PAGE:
It's time to fund education like the future depends on it.
That's the message NYSUT activists will bring to their lawmakers this month when they advocate for a strong state budget that supports school districts in critical need of resources.
The governor's proposed plan "starts what can be a positive budget for New York's schoolchildren," NYSUT President Dick Iannuzzi said. "It takes many steps in the right direction, but we still need to address years of inequality and the state's failure to meet its legal obligations" to provide for a sound, basic education.
The executive budget proposes an $889 million, or 4.4 percent, total increase for schools, although not all districts would benefit from that rate. It would require districts to have a fully implemented teacher evaluation system by Sept. 1 to receive increases in state aid. NYSUT does not support linking APPR to state aid increases.
The budget also proposes new competitive grant programs:
$50 million to reward districts for academic performance and management efficiency;
$25 million for full-day pre-kindergarten in qualifying low-income districts;
$20 million for schools that opt to extend the school day or year;
$15 million for a community schools initiative where students could receive health care and other services;
$11 million, in the form of $15,000 annual stipends, to reward the most effective teachers. This program would start with math and science teachers; and
$4 million for early college high school programs.
Notable among the proposed programs is the community schools initiative and full-day pre-K, which NYSUT has long advocated for and most recently proposed at the New NY Education Reform Commission hearings.
NYSUT Executive Vice President Andy Pallotta noted concerns about forcing districts to compete for state grants to fund schools. "All students need reasonable class sizes. They need Advanced Placement, arts and music programs and athletics and extra-curricular activities," he said.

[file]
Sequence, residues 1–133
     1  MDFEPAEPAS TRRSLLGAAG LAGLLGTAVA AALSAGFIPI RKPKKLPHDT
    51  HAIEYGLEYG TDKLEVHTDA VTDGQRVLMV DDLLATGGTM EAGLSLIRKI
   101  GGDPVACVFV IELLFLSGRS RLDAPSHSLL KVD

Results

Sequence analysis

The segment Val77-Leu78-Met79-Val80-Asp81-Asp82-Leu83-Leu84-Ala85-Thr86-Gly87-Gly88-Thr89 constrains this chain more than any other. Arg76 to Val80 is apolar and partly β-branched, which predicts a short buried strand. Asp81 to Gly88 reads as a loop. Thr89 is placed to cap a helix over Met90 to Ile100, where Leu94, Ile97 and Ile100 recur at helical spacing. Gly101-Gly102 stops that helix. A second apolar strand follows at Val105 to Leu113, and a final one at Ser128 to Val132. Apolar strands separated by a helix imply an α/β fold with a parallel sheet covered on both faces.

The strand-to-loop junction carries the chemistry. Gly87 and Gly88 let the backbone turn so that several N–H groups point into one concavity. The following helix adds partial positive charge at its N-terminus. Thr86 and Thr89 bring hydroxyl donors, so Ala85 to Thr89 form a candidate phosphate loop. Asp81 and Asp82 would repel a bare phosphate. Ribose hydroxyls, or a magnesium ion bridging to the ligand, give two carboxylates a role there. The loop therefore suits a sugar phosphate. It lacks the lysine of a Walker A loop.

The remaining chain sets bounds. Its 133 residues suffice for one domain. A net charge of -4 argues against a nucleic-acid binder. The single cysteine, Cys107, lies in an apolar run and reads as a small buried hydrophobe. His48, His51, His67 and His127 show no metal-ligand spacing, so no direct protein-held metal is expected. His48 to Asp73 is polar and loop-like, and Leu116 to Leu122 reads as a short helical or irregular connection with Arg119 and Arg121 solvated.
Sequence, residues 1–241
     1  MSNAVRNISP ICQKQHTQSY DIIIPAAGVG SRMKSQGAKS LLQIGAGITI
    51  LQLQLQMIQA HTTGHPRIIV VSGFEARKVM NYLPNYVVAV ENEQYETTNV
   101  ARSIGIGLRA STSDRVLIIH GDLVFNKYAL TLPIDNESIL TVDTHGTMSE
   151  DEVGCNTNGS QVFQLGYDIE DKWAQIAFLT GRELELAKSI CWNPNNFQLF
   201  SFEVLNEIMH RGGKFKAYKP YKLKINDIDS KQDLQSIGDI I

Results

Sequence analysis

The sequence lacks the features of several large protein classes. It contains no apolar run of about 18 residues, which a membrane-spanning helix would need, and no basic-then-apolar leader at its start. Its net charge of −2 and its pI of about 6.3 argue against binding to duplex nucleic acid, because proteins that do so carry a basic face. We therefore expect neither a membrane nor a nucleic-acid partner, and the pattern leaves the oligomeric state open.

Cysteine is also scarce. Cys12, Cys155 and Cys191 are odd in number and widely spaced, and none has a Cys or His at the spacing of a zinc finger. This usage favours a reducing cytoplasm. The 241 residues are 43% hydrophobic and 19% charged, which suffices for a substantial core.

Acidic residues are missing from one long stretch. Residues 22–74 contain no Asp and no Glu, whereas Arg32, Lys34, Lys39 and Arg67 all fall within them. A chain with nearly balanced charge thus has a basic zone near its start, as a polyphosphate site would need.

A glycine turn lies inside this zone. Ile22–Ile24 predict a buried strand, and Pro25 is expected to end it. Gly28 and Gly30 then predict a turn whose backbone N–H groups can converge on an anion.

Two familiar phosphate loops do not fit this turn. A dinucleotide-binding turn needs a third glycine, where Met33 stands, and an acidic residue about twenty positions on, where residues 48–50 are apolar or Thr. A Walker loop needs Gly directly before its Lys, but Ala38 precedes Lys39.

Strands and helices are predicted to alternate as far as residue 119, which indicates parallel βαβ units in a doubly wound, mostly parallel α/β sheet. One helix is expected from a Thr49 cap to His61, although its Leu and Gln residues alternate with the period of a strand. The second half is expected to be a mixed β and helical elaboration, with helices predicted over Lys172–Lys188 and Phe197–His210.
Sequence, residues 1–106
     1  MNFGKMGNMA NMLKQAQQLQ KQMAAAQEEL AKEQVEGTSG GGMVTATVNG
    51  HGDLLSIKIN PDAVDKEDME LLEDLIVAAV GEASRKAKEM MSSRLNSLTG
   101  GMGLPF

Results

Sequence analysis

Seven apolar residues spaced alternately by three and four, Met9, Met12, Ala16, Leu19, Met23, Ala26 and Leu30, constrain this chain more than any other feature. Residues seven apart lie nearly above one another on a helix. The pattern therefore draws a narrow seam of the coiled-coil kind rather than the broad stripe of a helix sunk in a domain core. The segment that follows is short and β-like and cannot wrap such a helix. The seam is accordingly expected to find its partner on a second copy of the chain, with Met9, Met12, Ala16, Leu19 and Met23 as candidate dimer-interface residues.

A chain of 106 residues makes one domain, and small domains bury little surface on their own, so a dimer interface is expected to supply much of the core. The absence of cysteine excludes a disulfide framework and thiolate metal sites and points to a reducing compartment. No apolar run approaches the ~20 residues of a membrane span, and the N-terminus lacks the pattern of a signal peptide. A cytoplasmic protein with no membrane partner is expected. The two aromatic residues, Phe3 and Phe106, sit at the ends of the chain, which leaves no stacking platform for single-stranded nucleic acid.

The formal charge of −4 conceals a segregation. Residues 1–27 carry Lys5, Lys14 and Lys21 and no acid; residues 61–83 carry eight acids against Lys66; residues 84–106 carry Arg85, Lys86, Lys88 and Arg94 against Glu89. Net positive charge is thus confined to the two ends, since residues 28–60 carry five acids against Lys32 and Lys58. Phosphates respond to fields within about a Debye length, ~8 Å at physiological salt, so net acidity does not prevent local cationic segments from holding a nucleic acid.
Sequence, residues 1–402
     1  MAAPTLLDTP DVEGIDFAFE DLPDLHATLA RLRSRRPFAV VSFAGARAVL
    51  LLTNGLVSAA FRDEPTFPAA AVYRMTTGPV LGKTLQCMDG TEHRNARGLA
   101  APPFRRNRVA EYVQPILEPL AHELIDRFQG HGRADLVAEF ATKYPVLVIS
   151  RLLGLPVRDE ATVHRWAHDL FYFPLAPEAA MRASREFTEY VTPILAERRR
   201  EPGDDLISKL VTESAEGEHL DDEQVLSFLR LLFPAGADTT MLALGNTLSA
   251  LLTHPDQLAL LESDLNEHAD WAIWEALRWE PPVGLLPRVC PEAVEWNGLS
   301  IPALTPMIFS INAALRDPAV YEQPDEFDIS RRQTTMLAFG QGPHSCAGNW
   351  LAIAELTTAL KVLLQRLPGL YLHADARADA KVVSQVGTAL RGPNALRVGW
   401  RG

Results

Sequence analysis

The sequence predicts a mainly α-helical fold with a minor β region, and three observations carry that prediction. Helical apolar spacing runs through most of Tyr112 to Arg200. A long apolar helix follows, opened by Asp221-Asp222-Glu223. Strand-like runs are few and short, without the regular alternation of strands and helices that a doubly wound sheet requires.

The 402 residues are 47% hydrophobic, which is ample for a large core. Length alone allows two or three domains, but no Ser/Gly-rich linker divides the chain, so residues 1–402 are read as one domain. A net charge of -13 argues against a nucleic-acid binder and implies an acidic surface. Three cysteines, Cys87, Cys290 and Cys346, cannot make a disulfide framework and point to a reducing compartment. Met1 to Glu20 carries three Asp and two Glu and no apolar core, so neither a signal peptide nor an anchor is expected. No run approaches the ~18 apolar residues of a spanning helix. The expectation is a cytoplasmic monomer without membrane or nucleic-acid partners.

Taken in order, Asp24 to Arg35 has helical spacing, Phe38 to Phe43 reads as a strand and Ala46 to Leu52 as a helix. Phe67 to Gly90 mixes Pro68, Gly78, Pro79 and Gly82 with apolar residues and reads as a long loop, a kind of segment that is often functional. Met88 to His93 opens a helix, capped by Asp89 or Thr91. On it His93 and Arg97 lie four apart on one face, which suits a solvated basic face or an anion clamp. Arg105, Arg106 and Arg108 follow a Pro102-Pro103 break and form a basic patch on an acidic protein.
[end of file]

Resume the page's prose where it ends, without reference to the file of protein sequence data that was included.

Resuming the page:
The proposed budget would continue $2 million for the teacher-mentor intern program and $368,000 to help teachers achieve National Board Certification, but would eliminate funding for the 128 teacher centers across the state. The centers provide professional learning, workshops on new practices and standards, and a range of other resources for classroom instructors.
"We will press for restorations," Pallotta said.
Union leaders pledged to work in collaboration with the governor and lawmakers to build on the positive elements in the proposed budget and to restore funds to general education aid.
"Community schools and full-day pre-kindergarten for our most at-risk students are promising initiatives that will require a much greater investment of state resources," Iannuzzi said. Also, he said a high quality "bar exam" for would-be teachers, if done right, would take "steps toward increasing the stature of the teaching profession."